Government of India took many precautionary measures with long-term impacts in the light of COVID-19 pandemic. One such measure was an advisory released by the Union Ministry of Environment, Forest and Climate Change (MoEFCC) to streamline and formalize the process of importing live exotic animals.
The Prime Minister had inaugurated the national Animal Disease Control Program at Uttar Pradesh’s Mathura. It aims to eradicate 2 major diseases affecting the Indian livestock- Foot and Mouth Disease/ FMD and the Brucellosis. Both these diseases are of major concern, especially to the dairy industry.
Though laws banning slaughtering of cows are not unique to India, the issue is highly contentious among its people – leading to social, economic and political implications across the country. The Indian community should come together to ensure that the needs of all are provided for, especially when there is a growing agrarian crisis as well as escalating social tensions within the country.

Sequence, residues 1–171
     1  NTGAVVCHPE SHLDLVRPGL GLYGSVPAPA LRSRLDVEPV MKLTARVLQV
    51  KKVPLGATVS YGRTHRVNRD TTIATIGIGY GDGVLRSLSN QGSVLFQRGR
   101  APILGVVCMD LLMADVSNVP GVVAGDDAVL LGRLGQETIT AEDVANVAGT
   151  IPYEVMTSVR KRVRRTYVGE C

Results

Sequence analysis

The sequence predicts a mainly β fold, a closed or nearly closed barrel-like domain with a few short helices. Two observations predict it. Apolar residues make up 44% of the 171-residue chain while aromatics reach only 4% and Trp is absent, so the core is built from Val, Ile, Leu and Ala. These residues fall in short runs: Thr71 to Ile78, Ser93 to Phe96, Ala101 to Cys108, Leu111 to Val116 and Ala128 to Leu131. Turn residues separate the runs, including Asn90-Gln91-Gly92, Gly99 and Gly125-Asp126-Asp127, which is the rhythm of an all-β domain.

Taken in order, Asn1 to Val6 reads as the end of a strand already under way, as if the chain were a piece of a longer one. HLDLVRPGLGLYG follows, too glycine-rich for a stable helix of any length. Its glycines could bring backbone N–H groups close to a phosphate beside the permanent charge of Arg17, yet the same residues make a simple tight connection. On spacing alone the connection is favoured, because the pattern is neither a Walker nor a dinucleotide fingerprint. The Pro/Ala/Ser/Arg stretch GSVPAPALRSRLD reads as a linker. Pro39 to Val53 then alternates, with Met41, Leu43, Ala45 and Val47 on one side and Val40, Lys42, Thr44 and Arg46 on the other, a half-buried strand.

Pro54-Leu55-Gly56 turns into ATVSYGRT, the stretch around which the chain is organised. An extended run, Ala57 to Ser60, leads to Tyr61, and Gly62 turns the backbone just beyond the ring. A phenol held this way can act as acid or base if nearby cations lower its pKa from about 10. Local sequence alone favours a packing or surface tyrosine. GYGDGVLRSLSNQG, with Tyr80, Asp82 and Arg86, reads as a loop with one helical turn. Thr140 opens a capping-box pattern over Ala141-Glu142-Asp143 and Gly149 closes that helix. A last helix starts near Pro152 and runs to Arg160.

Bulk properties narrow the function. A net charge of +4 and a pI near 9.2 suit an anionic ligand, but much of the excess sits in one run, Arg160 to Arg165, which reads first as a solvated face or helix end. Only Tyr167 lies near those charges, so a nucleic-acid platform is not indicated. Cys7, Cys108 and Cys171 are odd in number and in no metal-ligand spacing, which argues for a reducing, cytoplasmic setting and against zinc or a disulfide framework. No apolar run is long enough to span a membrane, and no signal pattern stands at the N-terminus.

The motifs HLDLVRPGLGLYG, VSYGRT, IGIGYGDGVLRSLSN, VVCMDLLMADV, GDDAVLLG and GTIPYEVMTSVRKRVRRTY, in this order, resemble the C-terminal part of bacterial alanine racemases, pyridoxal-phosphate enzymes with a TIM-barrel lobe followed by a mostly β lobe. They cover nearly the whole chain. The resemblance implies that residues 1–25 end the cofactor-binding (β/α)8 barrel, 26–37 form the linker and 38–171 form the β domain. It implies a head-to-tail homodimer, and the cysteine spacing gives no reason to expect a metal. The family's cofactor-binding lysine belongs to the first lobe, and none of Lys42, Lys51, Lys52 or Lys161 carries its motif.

Rudolf Virchow, the father of pathology, had once said, “Between animal and human medicine, there are no dividing lines – nor should there be”. This holds true especially in recent years with the increase in the instances of epidemic outbreaks due to zoonoses. This calls for the use of One Health approach, a paradigm shift in the human and animal health along with the conservation of biodiversity to ensure prevention and mitigation of pandemics like that of COVID-19.